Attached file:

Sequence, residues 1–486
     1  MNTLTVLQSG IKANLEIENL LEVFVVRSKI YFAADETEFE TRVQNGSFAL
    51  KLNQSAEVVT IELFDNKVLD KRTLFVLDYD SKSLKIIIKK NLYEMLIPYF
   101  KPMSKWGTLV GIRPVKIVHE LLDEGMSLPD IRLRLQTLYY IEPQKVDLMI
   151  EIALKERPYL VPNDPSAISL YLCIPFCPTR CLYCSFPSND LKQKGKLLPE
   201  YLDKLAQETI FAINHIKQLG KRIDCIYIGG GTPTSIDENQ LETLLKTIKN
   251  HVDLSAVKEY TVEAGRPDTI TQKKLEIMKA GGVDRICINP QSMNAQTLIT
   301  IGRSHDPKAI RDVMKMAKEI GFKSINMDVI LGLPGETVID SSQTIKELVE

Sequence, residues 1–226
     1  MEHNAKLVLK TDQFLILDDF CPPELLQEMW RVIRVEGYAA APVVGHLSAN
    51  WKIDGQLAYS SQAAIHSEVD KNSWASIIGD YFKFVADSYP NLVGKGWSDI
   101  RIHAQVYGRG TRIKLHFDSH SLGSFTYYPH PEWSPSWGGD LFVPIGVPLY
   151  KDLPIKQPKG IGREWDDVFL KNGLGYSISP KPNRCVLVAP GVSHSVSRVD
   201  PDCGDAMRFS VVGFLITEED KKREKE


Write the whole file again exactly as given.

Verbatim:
Sequence, residues 1–486
     1  MNTLTVLQSG IKANLEIENL LEVFVVRSKI YFAADETEFE TRVQNGSFAL
    51  KLNQSAEVVT IELFDNKVLD KRTLFVLDYD SKSLKIIIKK NLYEMLIPYF
   101  KPMSKWGTLV GIRPVKIVHE LLDEGMSLPD IRLRLQTLYY IEPQKVDLMI
   151  EIALKERPYL VPNDPSAISL YLCIPFCPTR CLYCSFPSND LKQKGKLLPE
   201  YLDKLAQETI FAINHIKQLG KRIDCIYIGG GTPTSIDENQ LETLLKTIKN
   251  HVDLSAVKEY TVEAGRPDTI TQKKLEIMKA GGVDRICINP QSMNAQTLIT
   301  IGRSHDPKAI RDVMKMAKEI GFKSINMDVI LGLPGETVID SSQTIKELVE

Sequence, residues 1–226
     1  MEHNAKLVLK TDQFLILDDF CPPELLQEMW RVIRVEGYAA APVVGHLSAN
    51  WKIDGQLAYS SQAAIHSEVD KNSWASIIGD YFKFVADSYP NLVGKGWSDI
   101  RIHAQVYGRG TRIKLHFDSH SLGSFTYYPH PEWSPSWGGD LFVPIGVPLY
   151  KDLPIKQPKG IGREWDDVFL KNGLGYSISP KPNRCVLVAP GVSHSVSRVD
   201  PDCGDAMRFS VVGFLITEED KKREKE